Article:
For example, let's suppose you need to change the mailbox "send quota" for 1,000 mailboxes from 100mb to 200mb. Suppose these are the executives, and that all executives are identified as such by their "title" in the GAL. At its root, this bulk change requires just two basic actions:

1) Collecting the list of mailboxes to be modified

2) Making the change to the mailbox property on all of these collected mailboxes

In Exchange 2003, both of these actions may cause you some trouble. Building the collection in ADUC is not too difficult if you can figure out how to build the proper query with the "Find" command. Unfortunately, once you have your selection of mailboxes, you will need to open up the properties page, switch to Exchange General tab, click on Storage Limits button, uncheck the "use defaults" checkbox, enter the amount (in bytes!), and click ok... FOR EACH MAILBOX, ONE AT A TIME! Can you imagine doing that 1,000 times?

For Exchange 2007 in the shell, the process is much simpler. First, to collect the list of mailboxes to be modified. Execute a command like:

Get-User -Filter { Title -like '*executive*' }

That will return the object of all users in your current scope who have "title" that is "like" "*executive*" (ie - that has "executive" anywhere in the title string). For our simple example, let's assume that we don't have users who match the query which are not also mailbox-enabled. So that means the result of this cmdlet is our 1,000 executive mailboxes! Step one complete!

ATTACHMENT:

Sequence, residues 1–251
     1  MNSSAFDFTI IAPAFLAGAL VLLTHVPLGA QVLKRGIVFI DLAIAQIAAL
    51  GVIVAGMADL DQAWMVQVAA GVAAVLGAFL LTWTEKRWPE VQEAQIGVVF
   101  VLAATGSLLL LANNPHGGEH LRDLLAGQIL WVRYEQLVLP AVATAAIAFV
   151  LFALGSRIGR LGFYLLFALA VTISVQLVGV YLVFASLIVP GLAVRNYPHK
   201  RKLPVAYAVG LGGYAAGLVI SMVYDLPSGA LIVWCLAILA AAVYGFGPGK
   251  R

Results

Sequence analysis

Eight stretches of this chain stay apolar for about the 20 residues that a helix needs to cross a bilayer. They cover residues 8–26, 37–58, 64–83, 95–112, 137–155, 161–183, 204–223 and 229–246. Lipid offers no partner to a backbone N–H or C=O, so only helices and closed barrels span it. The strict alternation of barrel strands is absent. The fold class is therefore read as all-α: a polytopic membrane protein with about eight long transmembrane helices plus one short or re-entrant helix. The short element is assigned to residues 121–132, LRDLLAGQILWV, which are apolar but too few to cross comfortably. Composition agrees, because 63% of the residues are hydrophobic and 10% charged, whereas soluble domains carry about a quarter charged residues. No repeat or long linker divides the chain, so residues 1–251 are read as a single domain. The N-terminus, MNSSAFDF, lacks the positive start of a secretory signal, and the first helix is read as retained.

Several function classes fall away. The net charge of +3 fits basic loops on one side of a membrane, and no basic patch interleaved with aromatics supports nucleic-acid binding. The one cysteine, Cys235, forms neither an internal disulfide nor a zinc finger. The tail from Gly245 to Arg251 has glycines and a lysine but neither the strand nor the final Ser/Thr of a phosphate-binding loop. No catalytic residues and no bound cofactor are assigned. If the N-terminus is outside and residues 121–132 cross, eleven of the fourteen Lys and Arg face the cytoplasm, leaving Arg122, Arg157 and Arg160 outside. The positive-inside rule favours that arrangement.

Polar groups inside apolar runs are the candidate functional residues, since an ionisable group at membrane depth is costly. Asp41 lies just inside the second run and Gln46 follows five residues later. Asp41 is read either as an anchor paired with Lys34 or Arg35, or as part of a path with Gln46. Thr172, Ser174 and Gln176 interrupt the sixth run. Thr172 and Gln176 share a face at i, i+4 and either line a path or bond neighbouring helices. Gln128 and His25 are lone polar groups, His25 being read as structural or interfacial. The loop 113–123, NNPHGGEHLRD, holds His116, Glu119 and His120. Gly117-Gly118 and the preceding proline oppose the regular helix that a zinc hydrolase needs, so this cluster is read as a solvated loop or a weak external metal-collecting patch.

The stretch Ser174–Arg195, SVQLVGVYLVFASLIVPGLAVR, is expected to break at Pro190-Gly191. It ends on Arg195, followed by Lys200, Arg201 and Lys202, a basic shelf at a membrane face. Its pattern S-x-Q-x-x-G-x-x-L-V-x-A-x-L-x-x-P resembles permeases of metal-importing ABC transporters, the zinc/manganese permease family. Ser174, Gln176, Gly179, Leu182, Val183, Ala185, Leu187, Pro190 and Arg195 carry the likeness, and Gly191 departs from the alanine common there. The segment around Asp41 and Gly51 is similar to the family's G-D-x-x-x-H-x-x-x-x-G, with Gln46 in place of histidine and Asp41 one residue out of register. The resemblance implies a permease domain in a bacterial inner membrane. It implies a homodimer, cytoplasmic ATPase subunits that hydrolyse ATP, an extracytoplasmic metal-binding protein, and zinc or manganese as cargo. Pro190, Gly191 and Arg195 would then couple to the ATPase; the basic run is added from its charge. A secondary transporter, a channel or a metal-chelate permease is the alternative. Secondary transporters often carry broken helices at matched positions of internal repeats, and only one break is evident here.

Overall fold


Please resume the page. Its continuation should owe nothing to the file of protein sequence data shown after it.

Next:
The second step is to take the action of setting the ProhibitSendQuota to 200mb on these 1,000 mailboxes. For a single mailbox, the syntax would be something like this:

Set-Mailbox Mailbox1 -ProhibitSendQuota 200mb

But the real power is when you bring these two actions together using the power of pipelining, like this:

Get-User -Filter { Title -like '*executive' } | Set-Mailbox -ProhibitSendQuota 200mb

With one line of "code" you've just changed the quota for all 1,000 mailboxes (and saved yourself a lot of time and clicking!)

Couple of quick answers for questions you may be asking:
How did I know to use Get-User vs Get-Mailbox? "Title" is in the Windows AD property set, and the Windows AD property set properties are available on all users, not just mailboxes, so they live on Get/Set-User. Exchange AD property set for mailbox-enabled users is accessed through Get/Set-Mailbox.

What's the filter syntax for PowerShell? There'll be a future blog post on this, but you can get started with some samples that are currently posted to: http://exchangeninjas.com/OPATHSyntaxforDynamicDistributionGroups